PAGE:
Start small Do the smallest step that will get you started. For example: if you need to answer a difficult email, the first step would be to turn on the computer. Work it into your routine Tie a new, unpleasant task into your routine by adding it on to something you know you will do. For example: you could do stretches while watching the evening news. After I worked at my tasks yesterday morning, I thought that the reason I had gotten things done might have been because I worked in the morning, but it wasn't. It was because the television wasn't on. Now that Sunday night is over, am I bothered that I missed television? No. Why? I'm not concerned with what I'm not aware of. You can't miss what you never had. Two nights without any television whatsoever. It's amazing what you can get done without the television set vying for your attention. One neat solution to aimless channel surfing that may work for you is to cut off your cable or satellite provider and go back to receiving your channels the old fashioned way, off the air. With fewer channels at your beck and call, you may find channel surfing less tempting. Some cable and satellite providers offer their customers the opportunity to temporarily disconnect their service by going on vacation status. This is an excellent way to experiment with living without so many television channels. Feeding my soul with inspirational knowledge is the beacon in my life. I must stop depending on others for my safekeeping. I am no longer going to feel guilty for taking care of me.

I need to do my part by practicing self-care so I can be a greater example to my kids. I will learn to say no and not feel guilty. I cannot change my spouse, but I can change me. Giving to others gives me an amazing feeling that money can't buy. I will quit giving myself excuses for not eating healthy, not exercising, or not taking care of me. I will listen more to what my body is telling me and act on it. It's my responsibility to love myself regardless of my past. Chasing money isn't everything. Being an active part of my kids' lives means the world to me. My life is really a beautiful blessing, and now I embrace it. In order to get results, I must apply effort. I will treat my loved one special every day, because we never know when that last day is coming. My aha moment is my moment and is not meant for others to understand. I need to work on loving myself more so I can give more love to others. I'm not going to focus on the stresses of the world but create my own happiness and share it. All is not lost! The good news is that if you change how you think or what you do, then new, positive neural pathways are formed. The RAS in your brain becomes more aware of and tuned in to positive events and possibilities. When you continue using these new positive pathways, they become stronger and deeper. Eventually, they will replace the old ways of thinking and behaving.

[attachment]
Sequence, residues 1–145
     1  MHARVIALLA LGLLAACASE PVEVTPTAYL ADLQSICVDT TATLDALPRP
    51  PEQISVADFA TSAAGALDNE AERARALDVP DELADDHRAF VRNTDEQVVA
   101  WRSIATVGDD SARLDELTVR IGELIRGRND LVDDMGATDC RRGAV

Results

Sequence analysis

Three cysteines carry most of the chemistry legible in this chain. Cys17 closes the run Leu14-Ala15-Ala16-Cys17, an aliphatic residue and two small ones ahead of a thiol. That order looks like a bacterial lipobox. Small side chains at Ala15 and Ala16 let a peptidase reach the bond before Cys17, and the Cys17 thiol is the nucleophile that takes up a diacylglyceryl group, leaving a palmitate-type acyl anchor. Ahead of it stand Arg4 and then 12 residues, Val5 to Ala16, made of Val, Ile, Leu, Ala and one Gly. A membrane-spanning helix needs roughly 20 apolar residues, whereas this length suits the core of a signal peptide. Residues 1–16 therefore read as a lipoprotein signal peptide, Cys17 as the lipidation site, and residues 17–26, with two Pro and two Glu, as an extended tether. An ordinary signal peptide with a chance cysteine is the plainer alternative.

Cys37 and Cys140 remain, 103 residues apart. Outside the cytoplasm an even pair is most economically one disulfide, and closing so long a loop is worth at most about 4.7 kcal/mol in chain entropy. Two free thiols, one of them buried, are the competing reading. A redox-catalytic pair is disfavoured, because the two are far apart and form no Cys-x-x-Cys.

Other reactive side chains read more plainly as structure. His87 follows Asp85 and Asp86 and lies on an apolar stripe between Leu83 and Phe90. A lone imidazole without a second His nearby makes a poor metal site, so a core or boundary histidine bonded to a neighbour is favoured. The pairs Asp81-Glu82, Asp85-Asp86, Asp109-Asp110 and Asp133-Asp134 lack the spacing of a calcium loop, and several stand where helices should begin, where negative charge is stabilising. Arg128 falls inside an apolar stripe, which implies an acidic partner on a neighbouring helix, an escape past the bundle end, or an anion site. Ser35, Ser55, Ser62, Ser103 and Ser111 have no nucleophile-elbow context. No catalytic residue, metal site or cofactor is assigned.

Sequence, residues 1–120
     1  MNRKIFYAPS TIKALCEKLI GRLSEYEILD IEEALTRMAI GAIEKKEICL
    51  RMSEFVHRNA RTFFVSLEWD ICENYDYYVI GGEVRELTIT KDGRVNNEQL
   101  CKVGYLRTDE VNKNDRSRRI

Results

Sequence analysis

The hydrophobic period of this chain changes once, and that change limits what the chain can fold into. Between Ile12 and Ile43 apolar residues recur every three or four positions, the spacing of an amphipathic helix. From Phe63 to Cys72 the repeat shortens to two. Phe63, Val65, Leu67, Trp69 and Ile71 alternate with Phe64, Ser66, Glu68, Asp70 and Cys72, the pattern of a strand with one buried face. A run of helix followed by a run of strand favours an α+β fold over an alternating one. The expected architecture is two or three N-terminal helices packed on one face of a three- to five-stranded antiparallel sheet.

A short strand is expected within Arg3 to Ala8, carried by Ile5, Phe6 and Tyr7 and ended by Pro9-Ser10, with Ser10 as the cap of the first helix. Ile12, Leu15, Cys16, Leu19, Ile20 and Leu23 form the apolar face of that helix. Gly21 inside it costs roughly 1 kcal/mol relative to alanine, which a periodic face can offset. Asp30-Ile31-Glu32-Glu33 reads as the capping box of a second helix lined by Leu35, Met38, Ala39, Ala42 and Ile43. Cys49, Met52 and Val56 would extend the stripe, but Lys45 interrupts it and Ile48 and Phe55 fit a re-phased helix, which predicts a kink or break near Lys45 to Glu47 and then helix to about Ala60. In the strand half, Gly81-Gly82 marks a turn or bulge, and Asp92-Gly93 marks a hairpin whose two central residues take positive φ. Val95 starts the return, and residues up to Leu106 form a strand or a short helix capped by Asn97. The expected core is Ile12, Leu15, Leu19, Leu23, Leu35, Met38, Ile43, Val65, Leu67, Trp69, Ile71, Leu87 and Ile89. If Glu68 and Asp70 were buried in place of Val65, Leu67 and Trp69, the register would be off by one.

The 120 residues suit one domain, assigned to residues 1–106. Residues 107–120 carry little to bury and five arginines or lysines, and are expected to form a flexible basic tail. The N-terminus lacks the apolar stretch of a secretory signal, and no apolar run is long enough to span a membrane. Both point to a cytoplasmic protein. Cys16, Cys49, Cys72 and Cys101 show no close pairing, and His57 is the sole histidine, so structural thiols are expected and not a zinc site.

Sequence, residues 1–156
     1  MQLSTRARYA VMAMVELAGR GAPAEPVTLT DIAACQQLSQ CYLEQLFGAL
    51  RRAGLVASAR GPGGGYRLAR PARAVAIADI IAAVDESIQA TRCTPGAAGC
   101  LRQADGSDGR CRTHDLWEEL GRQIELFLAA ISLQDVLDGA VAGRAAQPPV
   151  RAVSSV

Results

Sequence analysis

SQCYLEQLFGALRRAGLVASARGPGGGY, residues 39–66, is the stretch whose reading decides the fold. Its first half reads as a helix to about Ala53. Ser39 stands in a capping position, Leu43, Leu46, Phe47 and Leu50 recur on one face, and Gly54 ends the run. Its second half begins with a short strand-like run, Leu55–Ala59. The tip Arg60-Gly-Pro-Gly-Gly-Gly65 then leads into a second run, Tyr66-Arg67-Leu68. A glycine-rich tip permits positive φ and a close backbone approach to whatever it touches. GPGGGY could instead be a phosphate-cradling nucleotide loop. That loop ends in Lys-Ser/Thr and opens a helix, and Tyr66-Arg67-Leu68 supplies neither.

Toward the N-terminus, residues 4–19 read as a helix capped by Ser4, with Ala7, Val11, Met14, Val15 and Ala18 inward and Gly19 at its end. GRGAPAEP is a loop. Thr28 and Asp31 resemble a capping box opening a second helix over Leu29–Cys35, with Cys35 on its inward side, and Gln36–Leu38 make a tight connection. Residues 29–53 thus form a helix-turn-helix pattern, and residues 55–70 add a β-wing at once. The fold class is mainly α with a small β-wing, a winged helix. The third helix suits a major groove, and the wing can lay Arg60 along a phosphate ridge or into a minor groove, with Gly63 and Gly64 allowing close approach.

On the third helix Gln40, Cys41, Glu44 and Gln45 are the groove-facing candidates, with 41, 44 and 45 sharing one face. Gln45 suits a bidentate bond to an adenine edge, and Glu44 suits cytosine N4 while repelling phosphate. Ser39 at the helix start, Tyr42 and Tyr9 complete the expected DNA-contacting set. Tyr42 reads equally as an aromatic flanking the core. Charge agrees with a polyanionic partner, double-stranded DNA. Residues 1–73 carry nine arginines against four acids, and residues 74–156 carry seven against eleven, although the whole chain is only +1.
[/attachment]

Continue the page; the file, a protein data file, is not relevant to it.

You will have rewired - or reprogrammed - your brain. Imagine, for example, that you need to learn to use your left hand instead of your right hand to write with a pen. It will take time and effort, because the neural pathway for using your right hand is well established. But if you really want to do it, you can forge new pathways and develop a new way of writing with a different hand. The same is true for anything you want to do or any way you would like to think. Certainly it takes effort to change the way you think, but it is not impossible and it's never too late! I want to be clear that I do not have all the answers. Some of my many ADD problems are solved by the strategies, some I am still working on, and some I don't have a clue about. And we can only work on one or two things at a time, so it's a long term ongoing project. I didn't want to tell you that it's easy. There's a list of typical ADD problems on page 15; you might want to glance at that and see if any of it seems familiar. Or you might not; it could look pretty demoralizing. Fortunately, there's also an outline of coping strategies on page 18, and you might want to glance at that and see which ones you are already using. About the term itself, ADD, attention deficit disorder: the official term is ADHD, attention-deficit/ hyperactivity disorder. I prefer ADD; it's shorter and it best fits what I personally struggle with. So from now on, I will use ADHD only when I want to emphasize the hyperactivity aspect. The symptoms and problems of ADD are pretty common in humans; many people have some of them some of the time. The difference is that those of us with ADD have most of them most of the time, and they cause lots of problems for us, both large and small problems. If you have not been diagnosed, you may find yourself wondering if you have ADD. Once you get started on a goal, the next challenge is to stay on track.